The fall brings about many fundamental changes. We have warm reflections upon the mesmerizing memories we have had in carefree spring and exciting summer. We count our blessings as we face our anticipation of the tentative future. We thank our ancestors for demonstrating their wisdom and their will in surviving man's first harsh winter. We appreciate the nature for bestowing us the intuition to prepare for the successive ones. We gain new perspectives on life experiences and enjoy nature's parallel changes — autumn foliage sceneries. We witness the natural forces that remove the crowns of giant trees, making associated leaves or needles fall off their rightful places. We are not particularly afraid to see our appearances and surroundings out of original colors and out of accustomed orders. Instead, we take fall season as a special time to meditate, muse, and wonder. We reap the harvest from our labors of love, reaffirm our purposes of life, and fortify our belief in future promises.

Seasons always renew and recycle, and so does everything else. Life is a journey along which we travel through four different seasons in both our external and internal worlds. The hopes and desires of life rise from harsh winter, sprout in spring, thrive through summer, and ripen in fall. We coined time, and seasons have been a reliable lifelong bank to treasure our time. Seasons remind us of the gifts, the debts, the balances, the values, and the changes. We balance our wealth and debts, happiness and sorrow, birth and death, wisdom and ignorance, excitement and frustration, mellifluous and cacophony, a sense of fulfillment and the sense of disappointment through seasons.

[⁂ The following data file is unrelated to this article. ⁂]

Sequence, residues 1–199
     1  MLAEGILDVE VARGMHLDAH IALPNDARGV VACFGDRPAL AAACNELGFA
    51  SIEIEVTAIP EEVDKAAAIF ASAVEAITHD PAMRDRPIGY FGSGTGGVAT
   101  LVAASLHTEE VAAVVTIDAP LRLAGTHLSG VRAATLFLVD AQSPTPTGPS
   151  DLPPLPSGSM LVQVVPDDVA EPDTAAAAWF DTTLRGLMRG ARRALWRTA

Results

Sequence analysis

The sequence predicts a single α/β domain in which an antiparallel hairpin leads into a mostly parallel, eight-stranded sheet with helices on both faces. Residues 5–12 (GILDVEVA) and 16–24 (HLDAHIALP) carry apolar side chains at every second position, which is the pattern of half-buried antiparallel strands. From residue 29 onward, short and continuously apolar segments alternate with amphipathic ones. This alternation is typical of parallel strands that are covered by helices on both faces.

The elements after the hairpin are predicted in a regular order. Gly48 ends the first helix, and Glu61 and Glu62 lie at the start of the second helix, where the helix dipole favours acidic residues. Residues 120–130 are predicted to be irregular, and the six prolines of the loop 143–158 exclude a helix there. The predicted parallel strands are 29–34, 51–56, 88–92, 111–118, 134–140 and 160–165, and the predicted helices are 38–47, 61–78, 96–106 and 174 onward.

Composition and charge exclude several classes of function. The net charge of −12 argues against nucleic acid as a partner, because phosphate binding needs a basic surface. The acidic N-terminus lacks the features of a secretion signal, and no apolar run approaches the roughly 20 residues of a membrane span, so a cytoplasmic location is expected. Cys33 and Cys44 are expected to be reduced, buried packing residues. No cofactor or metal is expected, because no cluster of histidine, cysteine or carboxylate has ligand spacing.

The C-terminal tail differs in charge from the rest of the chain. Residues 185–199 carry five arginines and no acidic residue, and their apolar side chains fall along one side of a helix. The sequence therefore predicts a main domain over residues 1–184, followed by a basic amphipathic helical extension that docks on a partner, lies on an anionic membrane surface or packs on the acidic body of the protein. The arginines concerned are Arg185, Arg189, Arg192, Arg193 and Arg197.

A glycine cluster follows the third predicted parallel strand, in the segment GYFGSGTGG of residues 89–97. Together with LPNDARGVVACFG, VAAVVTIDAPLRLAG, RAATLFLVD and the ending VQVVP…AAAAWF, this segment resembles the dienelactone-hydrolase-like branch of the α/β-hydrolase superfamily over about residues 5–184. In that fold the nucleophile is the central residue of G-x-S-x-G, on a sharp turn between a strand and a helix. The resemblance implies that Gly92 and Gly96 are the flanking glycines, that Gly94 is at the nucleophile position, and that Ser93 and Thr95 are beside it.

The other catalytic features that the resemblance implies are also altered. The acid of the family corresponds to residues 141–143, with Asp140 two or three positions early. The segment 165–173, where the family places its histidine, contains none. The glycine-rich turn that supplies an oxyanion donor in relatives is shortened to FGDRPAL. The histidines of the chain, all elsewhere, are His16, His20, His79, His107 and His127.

Our world forever changes with seasons. We can always bank on our seasoned wisdom to use our bestowed time in treasuring our life experiences. Through different seasons, we can always see the silver linings embedded in passing clouds that often hover over our world in tough times. Still, sunshine shall beam through in another day of every season.

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About Iowa Writes

Since 2006, Iowa Writes has featured the work of Iowa-identified writers (whether they have Iowa roots or live here now) and work published by Iowa journals and publishers on The Daily Palette. Iowa Writes features poetry, fiction, or nonfiction twice a week on the Palette.

In November of 2008, the United Nations Educational, Scientific and Cultural Organization (UNESCO) designated Iowa City, Iowa, the world's third City of Literature, making the community part of the UNESCO Creative Cities Network.

Iowa City has joined Edinburgh, Scotland and Melbourne, Australia as UNESCO Cities of Literature.

Find out more about submitting by contacting iowa-writes@uiowa.edu


XINGZHI MARA CHEN

Xingzhi M. Chen earned her PhD in geology from the University of Iowa. Currently,
she is a professor at Salisbury University in Maryland. She considers Iowa City her
hometown in the U.S.

This page was first displayed
on February 24, 2012